Thursday, October 20, 2016

Fields Where They Lay by Timothy Hallinan - Book Review



Junior Bender is in a seasonal funk as Christmas approaches. It's three days before Christmas, he hasn't done a thing to prepare, and would just as soon not have to think about it. When his old client and adversary, gangstress Trey Annunziato calls in what she considers a favor, he must meet with a real estate mogul named Tip Poindexter at a local country club for lunch. Poindexter turns out to be an alias for a Russian gangster who rapidly becomes Vlad. While possessing a thin veneer of American real estate wealth, he's a dangerous man to have as a friend or an enemy, and he needs someone with Junior's skills to help him learn who's been looting a failing suburban mall he owns. Junior must solve Pointdexter's problem while discovering some ways to resolve his ambivalence surrounding Christmas. So begins Timothy Hallinan's fine Christmas novel Fields Where They Lay (SoHo Crime, October 2015, 385 pages, $25.99/14.99).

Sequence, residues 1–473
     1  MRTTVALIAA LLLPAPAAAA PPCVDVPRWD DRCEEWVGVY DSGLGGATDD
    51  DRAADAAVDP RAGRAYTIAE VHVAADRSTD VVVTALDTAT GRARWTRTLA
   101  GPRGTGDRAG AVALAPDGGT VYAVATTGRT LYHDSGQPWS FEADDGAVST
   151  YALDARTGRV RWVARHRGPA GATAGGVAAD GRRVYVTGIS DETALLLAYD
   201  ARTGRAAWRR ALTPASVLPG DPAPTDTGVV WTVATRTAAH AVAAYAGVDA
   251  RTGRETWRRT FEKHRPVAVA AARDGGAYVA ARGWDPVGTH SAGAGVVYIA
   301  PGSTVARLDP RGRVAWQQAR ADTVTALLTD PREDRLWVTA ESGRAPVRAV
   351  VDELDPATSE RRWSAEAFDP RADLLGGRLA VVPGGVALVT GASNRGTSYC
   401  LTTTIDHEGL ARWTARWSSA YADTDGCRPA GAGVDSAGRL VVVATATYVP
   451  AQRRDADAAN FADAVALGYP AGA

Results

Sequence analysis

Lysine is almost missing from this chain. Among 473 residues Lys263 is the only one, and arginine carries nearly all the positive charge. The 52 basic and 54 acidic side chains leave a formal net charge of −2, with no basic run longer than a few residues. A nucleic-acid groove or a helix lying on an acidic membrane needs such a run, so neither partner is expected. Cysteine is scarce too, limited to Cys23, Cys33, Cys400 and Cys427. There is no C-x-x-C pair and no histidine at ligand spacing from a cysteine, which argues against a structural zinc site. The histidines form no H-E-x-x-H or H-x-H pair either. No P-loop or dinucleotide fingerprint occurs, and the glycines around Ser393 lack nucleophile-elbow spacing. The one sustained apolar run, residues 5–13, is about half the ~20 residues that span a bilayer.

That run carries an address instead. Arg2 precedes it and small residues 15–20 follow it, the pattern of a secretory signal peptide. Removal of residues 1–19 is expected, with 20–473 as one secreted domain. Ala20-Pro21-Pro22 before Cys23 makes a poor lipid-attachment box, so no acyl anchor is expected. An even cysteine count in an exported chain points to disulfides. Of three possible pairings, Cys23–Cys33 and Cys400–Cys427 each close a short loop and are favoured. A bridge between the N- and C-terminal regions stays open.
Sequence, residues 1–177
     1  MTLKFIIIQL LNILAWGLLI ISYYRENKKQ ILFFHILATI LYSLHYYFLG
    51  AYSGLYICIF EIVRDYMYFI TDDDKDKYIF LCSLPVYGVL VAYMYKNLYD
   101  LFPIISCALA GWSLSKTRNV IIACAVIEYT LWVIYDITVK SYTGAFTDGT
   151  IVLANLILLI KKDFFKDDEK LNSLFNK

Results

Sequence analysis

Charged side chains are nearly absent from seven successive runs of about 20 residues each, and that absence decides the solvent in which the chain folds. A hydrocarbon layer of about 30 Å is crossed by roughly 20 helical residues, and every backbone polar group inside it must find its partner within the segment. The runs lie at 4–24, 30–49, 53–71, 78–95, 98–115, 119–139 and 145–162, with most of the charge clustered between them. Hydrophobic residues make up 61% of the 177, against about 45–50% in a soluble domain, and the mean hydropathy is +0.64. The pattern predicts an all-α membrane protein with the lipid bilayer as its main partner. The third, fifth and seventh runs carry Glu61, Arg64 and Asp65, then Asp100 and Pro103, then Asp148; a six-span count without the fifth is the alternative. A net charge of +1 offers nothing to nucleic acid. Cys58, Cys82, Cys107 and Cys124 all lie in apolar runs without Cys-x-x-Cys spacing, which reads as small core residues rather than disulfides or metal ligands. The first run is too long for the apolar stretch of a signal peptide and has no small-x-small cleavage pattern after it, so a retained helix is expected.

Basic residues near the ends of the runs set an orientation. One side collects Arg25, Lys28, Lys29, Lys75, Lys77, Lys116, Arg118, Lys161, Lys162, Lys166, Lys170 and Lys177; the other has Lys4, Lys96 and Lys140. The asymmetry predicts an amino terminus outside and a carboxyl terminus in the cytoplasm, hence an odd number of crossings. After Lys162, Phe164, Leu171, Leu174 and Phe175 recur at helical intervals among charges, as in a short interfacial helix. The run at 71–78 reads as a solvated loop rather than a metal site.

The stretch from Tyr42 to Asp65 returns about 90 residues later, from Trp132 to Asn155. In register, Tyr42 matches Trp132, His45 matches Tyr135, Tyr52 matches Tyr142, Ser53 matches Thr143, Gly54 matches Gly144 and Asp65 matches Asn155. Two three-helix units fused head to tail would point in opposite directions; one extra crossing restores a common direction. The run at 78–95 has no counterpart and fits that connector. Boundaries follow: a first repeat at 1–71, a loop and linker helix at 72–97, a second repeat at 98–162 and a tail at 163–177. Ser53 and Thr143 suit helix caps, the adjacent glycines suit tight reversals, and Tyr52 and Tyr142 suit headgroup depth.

Many thrillers and thriller writers are very strongly plot driven with a cliff hanger to end every chapter driving readers into a headlong race to the end. Other writers are so character driven that plot becomes lost in the explorations of the character. Hallinan stands almost alone, in my experience, for the balance between action, plot, and character found in his novels. They are not without their dramatic tension, which at times becomes almost unbearable. However, they are always balanced between the motives, ideals, and abilities of the protagonist and the demands of his tasks. (One wonders what would happen if he tried to inhabit a female hero.) Junior Bender is a thief, a thief with honor that sometimes becomes compromised because he works with other criminals, people who cannot go to the police for help. He also deeply values family life, but has difficulty maintaining adult relationships with women. His precocious pre-teen and teen characters are a total delight, as they live their private, sometimes dangerous, lives separated from the adults around them. These conflicts within Bender's life add to his depth of character, his interest, his anxiety, his faults, and his very great strengths. They also make for far more interesting reading than the run-of-the-mill Jack Reacher lonely gun-slinger come to town solve the problem and leave, character. (My favorite one of these remains Jack Schaeffer's classic western, Shane.)